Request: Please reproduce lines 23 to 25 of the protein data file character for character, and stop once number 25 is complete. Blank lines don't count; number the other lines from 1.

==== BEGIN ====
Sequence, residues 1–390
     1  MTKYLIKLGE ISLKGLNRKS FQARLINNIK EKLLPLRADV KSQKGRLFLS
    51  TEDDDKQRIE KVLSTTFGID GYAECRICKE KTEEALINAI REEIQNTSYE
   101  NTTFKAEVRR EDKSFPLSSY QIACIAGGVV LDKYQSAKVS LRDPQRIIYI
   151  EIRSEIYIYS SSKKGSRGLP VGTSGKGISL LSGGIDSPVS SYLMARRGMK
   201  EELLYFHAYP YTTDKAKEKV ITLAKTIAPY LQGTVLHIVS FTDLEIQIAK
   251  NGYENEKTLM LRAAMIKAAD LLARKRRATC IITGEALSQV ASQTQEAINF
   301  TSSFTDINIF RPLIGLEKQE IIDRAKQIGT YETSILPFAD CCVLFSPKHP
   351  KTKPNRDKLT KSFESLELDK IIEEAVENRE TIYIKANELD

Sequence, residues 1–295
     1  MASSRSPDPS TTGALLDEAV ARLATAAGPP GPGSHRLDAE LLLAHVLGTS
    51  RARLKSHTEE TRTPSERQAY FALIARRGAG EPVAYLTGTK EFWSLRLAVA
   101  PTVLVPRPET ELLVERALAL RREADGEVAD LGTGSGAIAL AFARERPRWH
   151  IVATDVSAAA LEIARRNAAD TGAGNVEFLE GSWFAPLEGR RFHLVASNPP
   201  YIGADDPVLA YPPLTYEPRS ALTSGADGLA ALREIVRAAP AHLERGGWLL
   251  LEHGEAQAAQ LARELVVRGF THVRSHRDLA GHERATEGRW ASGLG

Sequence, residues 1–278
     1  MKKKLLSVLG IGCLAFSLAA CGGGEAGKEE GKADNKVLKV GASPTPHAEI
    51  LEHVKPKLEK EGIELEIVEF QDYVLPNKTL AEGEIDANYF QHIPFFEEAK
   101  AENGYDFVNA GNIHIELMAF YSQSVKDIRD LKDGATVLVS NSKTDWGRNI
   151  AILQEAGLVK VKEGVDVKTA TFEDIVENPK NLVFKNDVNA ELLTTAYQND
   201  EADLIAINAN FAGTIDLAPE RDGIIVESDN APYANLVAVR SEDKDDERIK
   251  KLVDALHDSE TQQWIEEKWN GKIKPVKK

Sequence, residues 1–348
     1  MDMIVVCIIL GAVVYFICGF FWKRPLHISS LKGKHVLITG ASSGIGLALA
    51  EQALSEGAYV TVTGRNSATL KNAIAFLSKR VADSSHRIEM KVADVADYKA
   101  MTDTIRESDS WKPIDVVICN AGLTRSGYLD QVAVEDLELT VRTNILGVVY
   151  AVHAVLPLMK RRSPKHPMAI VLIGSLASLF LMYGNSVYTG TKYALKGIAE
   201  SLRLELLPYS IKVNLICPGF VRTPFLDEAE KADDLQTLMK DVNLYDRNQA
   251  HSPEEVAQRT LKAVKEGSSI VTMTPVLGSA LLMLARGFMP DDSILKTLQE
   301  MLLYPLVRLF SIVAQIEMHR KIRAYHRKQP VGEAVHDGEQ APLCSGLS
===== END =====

   251  KLVDALHDSE TQQWIEEKWN GKIKPVKK

Sequence, residues 1–348
     1  MDMIVVCIIL GAVVYFICGF FWKRPLHISS LKGKHVLITG ASSGIGLALA